(AP) - AJDABIYA, Libya – Something new has appeared at the Libyan front: a semblance of order among rebel forces. Rebels without training — sometimes even without weapons — have rushed in and out of fighting in a free-for-all for weeks, repeatedly getting trounced by Moammar Gadhafi's more heavily armed forces.
But on Friday only former military officers and the lightly trained volunteers serving under them are allowed on the front lines. Some are recent arrivals, hoping to rally against forces loyal to the Libyan leader who have pushed rebels back about 100 miles this week.
The better organized fighters, unlike some of their predecessors, can tell the difference between incoming and outgoing fire. They know how to avoid sticking to the roads, a weakness in the untrained forces that Gadhafi's troops have exploited. And they know how to take orders.
"The problem with the young untrained guys is they'll weaken us at the front, so we're trying to use them as a backup force," said Mohammed Majah, 33, a former sergeant.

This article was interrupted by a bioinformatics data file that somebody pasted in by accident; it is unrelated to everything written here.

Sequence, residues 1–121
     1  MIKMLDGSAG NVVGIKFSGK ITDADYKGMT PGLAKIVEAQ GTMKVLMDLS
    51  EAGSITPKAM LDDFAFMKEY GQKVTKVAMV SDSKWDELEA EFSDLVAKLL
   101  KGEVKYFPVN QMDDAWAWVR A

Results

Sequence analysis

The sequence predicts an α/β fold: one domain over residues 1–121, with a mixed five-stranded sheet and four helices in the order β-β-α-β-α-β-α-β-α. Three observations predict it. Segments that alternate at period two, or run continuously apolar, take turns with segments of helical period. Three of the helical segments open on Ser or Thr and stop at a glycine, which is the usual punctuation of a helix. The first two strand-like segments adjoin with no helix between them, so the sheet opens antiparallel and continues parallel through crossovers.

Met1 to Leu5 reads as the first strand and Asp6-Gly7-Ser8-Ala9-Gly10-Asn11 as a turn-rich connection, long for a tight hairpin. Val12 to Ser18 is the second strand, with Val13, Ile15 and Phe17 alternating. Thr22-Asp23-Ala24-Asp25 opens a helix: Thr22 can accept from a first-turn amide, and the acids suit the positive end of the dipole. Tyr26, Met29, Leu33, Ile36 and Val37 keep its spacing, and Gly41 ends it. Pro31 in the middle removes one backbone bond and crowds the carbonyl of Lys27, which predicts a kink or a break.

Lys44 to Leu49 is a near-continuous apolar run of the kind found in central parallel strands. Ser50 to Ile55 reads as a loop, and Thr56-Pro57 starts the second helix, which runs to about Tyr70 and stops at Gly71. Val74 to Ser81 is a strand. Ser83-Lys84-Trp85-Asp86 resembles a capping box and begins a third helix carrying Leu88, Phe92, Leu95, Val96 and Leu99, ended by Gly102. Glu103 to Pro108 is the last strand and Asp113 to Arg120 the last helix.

"They don't even know how to use weapons. They have great enthusiasm, but that's not enough now," he said.
Majah said the only people at the front now are former soldiers, "experienced guys who have been in reserves, and about 20 percent are young revolutionaries who have been in training and are in organized units."
The greater organization was a sign that military forces that split from the regime to join the rebellion were finally taking a greater role in the fight after weeks trying to organize. Fighters cheered Friday as one of their top commanders — former Interior Minister Abdel-Fattah Younis — drove by in a convoy toward the front.
It was too early to say if the improvements will tip the fight in the rebels' favor. They have been struggling to exploit the opportunity opened by international airstrikes hammering Gadhafi's forces since March 19.